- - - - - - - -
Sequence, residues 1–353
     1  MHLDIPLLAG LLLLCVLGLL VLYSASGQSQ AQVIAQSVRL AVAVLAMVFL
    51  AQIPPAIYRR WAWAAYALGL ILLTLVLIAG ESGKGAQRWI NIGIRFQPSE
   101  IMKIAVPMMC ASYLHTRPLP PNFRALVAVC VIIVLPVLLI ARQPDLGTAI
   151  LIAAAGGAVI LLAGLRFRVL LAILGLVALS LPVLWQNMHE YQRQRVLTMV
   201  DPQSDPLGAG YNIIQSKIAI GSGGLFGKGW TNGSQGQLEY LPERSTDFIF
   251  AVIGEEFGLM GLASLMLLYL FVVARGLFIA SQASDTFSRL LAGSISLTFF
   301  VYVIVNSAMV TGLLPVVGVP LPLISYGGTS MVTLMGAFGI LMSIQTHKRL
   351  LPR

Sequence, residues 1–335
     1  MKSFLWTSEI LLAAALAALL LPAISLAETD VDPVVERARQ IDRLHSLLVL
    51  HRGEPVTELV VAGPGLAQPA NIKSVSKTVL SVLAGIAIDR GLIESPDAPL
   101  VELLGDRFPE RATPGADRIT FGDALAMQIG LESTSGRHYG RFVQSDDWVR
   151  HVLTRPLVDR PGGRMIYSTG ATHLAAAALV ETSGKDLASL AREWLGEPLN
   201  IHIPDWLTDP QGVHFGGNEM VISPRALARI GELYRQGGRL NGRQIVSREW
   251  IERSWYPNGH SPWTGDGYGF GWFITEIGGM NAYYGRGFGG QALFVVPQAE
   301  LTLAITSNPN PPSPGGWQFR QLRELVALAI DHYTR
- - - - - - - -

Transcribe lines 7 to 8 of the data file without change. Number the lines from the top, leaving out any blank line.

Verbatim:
   251  AVIGEEFGLM GLASLMLLYL FVVARGLFIA SQASDTFSRL LAGSISLTFF
   301  VYVIVNSAMV TGLLPVVGVP LPLISYGGTS MVTLMGAFGI LMSIQTHKRL